Today’s Wanderlust Wednesday brings you tips for crossing an international border. Some people find this part of traveling to be intimidating, but it doesn’t have to be! Here are a few things that will help you be prepared to venture into a new country:
1 – Is your passport valid? For how long?
It should be a no-brainer that you need a passport to travel internationally. Passports are not difficult to get, but they do take time to process. So make sure that you give yourself plenty of time (at least 6-8 weeks) to get a passport, or renew your old one. Also – make sure your passport isn’t expiring soon! Most countries require your passport to be valid for an additional 3-6 months when you enter their country. (This ensures them that your passport will be valid for you to LEAVE the country too!) In addition to extended validity, many countries also require 1-2 blank pages available in your passport for immigration stamps and/or visas. So make sure your passport isn’t full (but I’m impressed if it is!).
2 – Know if you need a visa!
Before you book any flights or hotels in a foreign country, make sure you can go! And if you can, what do you need? Some countries will require a visitor’s visa, while others won’t. It all depends on your home country, your citizenship status, and the purpose and duration of your trip. So how do you know? It’s easy! Check the US Department of State’s travel website. If you find out you need a visa, you will be given information on how to apply and how much it will cost. Another thing to consider is your occupation; certain countries will require people in specific professions (for example, journalists) to have a special type of visa, even if they are just traveling for tourism purposes.
3 – Have a layover in an additional country?
There is such a thing as a “transit visa”. A transit visa is occasionally required of a person who is only in a country for purposes of connecting flights on their trip – they land there and are immediately leaving again. Transit visas are more often required of citizens from particular countries; do you research to find out if you will need one.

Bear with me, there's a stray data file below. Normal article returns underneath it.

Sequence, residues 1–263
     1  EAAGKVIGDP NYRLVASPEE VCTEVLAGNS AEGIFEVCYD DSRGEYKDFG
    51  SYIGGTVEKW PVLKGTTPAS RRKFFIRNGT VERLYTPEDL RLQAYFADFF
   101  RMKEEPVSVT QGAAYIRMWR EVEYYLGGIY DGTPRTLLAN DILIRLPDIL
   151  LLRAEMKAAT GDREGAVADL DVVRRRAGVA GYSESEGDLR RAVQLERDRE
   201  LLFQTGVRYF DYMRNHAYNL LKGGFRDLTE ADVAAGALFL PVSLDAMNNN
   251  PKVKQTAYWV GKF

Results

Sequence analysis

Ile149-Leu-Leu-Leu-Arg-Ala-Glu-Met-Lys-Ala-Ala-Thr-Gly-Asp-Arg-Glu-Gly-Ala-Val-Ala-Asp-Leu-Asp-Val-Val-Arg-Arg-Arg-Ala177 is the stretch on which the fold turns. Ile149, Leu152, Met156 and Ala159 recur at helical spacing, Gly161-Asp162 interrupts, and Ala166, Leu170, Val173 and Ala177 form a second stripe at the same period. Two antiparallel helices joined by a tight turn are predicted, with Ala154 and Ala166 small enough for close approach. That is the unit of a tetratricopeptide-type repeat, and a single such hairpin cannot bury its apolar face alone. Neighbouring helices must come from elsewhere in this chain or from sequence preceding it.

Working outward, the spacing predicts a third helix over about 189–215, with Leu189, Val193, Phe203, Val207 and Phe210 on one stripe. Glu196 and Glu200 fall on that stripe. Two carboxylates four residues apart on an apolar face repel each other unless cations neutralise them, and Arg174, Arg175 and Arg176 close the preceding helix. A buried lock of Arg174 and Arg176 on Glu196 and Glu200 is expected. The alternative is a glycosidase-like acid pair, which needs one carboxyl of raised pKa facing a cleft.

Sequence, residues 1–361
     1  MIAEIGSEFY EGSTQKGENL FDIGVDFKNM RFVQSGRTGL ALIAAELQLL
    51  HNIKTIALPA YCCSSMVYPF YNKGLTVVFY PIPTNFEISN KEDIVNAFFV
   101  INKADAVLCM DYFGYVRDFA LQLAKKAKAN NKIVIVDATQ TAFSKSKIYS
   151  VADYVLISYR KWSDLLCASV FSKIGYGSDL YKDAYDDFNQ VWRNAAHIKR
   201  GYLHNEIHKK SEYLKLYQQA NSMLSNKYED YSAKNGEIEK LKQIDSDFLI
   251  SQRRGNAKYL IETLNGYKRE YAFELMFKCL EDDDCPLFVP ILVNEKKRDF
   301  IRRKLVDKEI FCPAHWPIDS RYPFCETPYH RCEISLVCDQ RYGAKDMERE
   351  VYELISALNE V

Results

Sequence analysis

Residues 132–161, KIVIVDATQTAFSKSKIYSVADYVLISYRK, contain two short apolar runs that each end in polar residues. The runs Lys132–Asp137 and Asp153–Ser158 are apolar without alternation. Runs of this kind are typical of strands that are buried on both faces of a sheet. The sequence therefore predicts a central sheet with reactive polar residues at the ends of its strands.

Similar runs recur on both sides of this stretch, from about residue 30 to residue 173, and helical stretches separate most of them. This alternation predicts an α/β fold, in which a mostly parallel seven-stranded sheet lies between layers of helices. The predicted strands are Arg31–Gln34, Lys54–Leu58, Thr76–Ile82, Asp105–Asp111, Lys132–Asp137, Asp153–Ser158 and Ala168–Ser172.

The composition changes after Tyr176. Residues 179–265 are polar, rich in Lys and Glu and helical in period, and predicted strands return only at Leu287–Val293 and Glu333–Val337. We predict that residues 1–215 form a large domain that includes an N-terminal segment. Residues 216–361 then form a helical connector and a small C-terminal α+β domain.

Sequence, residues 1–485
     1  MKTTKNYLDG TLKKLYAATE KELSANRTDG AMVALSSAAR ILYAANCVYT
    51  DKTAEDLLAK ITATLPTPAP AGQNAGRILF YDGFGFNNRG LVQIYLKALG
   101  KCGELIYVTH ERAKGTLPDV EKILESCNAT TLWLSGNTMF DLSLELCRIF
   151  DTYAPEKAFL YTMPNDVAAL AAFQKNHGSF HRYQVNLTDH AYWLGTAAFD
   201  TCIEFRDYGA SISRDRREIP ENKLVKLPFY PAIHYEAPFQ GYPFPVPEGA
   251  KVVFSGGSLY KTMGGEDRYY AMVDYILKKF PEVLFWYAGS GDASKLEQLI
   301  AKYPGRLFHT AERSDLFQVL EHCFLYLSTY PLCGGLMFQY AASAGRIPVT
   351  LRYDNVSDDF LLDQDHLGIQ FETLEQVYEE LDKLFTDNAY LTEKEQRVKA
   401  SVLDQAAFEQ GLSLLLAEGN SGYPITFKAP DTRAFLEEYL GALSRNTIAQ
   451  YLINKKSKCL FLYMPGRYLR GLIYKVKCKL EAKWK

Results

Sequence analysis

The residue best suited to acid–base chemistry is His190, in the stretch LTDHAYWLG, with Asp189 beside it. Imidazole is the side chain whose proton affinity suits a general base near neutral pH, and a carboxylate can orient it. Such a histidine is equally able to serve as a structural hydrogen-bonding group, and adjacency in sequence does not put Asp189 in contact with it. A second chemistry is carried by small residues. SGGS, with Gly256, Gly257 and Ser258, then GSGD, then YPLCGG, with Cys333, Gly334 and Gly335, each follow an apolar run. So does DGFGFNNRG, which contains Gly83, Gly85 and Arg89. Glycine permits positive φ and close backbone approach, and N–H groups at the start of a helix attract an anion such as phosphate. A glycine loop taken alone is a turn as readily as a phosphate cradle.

4 – This is not a comedy show.
Yes, you joke around with your friends in the car or on the plane, but when you get to customs & immigration, leave the jokes behind. Just be upfront and honest about the purpose of your trip. Have any necessary information ready – where you will be staying, if you are meeting up with any friends/family, how long you will be staying, etc. This is the step that makes people nervous, but there really is no reason to be if you’re just taking a vacation!
5 – Know what you CAN and CANNOT bring into a country.
Fresh fruits, vegetables, seeds, plants, and meat are almost always a no-go. Reason being that they do not want any diseases or bacteria brought into the area that isn’t already there. In addition to screening your bags, many airports have dogs that will sniff luggage looking for these things. (Whatever you do – risk the urge to pet them! I know, I know, you want to play with the pup, but he/she is working – for the government no less – and should not be bothered.) There are usually limits on cigarettes and alcohol, so do your research before buying. It’s no fun to get to the airport only to leave behind the bottles of wine you just purchased! Again, this is something you can easily search for online.
6 – Uh-oh, all you have is American dollars!
So you forgot to exchange your money before traveling. Don’t worry, it’s not the end of the world! But there are a few things you should know to help you use your money in a foreign country. First, most credit and debit cards will allow you to use your card in another country – BUT make sure you inform the card company or bank before traveling. If you do not let them know, they may deny the transaction and flag it as a potentially fraudulent charge. Also, while credit cards usually offer good exchange rates, some cards will still charge you a ‘foreign transaction fee’. As with most things, this depends on your credit card company or bank, so find out ahead of time so you can be prepared. Also, not every place will take card! Some places, particularly in smaller towns and villages, are NOT equipped to process foreign cards. Be prepared to have cash (in local currency!) with you. Banks and travel agencies can exchange money; be wary of designated money exchange places as they usually don’t have the best rates. The best place? A local casino – casinos are usually known to give good exchange rates and don’t have outrageous fees (if any). Also, keep yourself educated about what the current exchange rate is. XE.com is my favorite source and is quite reliable. They also have an app for your phone so you can stay up-to-date on the rates and convert currencies so you know how much you’re really spending.
As St. Augustine of Hippo said, “The world is a book, and those who do not travel read only one page.” So get out there! Travel. Read the whole book; see the whole world. Hopefully this has answered some of your questions or calmed your concerns that you may have about traveling to a foreign country.
*Please note that this post is designed to give you advice and tips on traveling internationally, but holds no legal responsibility for what you do as you travel. Be sure to do your own research depending on your trip’s itinerary regarding immigration documents and currencies.